Why give away one of your key features? If you are RIM, it could give you a shot at producing some incremental revenue. After all, if BBM can keep non-business users attached to their BlackBerry handsets, it could end up becoming a nice revenue-producing business for RIM although there is still a chance that the software will be free to users, at least in the beginning. And even if the software is free, RIM could charge a recurring or one-time fee to BBM users on other platforms just to use the service.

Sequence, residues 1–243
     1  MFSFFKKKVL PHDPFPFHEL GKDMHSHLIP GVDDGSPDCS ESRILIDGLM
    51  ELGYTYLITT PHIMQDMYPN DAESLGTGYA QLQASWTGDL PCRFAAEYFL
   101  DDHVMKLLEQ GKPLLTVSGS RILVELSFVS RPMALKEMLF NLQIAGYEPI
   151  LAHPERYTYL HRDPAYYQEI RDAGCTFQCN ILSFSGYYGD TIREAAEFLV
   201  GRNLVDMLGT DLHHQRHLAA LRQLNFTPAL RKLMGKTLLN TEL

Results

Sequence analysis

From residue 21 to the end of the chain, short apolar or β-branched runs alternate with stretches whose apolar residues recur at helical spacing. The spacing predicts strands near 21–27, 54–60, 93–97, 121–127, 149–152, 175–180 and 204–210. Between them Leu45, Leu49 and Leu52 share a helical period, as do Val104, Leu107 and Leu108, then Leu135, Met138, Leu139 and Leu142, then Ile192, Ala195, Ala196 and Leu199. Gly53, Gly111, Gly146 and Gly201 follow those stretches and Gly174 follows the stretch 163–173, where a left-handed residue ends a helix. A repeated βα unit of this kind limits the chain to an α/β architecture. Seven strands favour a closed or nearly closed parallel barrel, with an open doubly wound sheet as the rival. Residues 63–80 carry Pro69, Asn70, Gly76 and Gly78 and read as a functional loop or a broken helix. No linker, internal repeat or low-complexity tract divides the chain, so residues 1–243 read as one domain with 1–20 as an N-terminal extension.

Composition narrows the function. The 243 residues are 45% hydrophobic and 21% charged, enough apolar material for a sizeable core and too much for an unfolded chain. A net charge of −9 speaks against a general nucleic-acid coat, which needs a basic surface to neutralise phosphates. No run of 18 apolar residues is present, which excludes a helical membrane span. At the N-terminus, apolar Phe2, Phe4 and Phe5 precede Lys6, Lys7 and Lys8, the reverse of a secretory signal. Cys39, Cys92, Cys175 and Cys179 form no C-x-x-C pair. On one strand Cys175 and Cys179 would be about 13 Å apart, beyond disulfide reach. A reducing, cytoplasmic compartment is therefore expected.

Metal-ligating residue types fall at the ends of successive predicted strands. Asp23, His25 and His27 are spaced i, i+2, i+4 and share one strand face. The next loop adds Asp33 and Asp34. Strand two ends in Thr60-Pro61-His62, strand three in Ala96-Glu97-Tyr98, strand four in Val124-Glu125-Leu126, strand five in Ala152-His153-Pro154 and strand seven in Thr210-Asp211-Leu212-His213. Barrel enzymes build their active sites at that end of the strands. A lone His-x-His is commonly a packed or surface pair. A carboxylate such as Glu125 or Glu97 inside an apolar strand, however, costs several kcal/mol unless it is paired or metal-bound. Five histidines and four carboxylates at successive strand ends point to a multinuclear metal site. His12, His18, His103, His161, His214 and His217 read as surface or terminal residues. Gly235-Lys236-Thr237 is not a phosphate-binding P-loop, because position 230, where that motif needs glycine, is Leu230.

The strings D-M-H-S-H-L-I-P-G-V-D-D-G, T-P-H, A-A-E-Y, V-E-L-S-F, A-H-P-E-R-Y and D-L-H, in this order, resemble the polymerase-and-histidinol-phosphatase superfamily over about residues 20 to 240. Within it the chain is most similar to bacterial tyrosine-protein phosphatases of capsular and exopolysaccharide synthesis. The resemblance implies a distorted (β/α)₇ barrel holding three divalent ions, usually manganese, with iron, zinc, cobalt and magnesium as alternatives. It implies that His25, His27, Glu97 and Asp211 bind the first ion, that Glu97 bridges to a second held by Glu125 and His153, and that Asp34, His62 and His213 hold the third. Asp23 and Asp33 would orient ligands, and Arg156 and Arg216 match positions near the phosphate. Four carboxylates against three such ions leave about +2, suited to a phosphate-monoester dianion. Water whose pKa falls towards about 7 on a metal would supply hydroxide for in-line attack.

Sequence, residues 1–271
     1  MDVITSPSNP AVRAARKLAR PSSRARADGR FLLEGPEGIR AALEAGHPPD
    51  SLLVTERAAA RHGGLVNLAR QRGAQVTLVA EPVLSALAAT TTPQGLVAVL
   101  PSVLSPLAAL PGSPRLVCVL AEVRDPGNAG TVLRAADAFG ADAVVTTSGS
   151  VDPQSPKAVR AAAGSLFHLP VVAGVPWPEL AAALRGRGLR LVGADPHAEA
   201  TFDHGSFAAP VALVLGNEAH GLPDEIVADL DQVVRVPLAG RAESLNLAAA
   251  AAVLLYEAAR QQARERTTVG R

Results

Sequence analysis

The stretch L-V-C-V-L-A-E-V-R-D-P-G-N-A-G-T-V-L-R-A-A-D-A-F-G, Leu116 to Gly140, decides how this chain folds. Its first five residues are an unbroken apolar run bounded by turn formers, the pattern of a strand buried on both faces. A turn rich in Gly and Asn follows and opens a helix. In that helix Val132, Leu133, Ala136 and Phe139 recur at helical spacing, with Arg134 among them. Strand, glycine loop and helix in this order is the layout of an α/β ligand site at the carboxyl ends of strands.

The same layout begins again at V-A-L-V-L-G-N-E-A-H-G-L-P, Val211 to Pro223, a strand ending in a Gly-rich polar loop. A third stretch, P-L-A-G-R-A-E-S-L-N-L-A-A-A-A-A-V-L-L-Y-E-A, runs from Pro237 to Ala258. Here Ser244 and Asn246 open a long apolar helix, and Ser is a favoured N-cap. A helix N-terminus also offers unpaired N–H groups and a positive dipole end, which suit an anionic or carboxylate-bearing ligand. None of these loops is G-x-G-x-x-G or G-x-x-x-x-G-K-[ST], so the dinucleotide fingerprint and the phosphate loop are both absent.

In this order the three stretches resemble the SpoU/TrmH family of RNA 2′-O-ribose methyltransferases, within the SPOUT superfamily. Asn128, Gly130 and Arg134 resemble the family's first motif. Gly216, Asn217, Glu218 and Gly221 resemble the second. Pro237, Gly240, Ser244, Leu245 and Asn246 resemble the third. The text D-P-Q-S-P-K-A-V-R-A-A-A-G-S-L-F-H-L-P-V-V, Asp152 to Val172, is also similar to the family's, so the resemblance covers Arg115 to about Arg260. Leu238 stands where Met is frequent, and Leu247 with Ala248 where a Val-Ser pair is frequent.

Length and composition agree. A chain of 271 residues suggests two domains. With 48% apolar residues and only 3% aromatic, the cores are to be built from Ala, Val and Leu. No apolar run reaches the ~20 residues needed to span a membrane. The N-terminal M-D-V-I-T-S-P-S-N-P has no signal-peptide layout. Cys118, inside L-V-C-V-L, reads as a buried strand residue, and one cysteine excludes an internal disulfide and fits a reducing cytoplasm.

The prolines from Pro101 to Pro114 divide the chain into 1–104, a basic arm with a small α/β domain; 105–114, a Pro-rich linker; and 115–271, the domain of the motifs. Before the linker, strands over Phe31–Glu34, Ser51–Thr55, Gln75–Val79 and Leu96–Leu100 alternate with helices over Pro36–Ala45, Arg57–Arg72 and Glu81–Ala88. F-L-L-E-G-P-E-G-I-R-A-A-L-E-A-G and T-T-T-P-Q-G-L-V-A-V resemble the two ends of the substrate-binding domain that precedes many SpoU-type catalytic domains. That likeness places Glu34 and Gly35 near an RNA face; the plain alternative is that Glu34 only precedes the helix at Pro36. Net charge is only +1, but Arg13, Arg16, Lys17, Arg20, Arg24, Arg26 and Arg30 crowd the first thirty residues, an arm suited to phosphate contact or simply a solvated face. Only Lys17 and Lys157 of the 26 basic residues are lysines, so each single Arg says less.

RIM could also use BlackBerry Messenger as a way to promote its handsets. According to the sources, Android and iOS users might end up with a stripped down version of BBM that will allow text messages to be exchanged, but not video or pictures. Only BlackBerry users will get the full BBM experience which means that RIM will be counting on those who like the cross-platform version to consider buying a BlackBerry handset to get the complete version of BBM.
Later this year, Android users are expected to be the first to have access to the software thanks to the open build nature of the OS. A version for iOS will follow.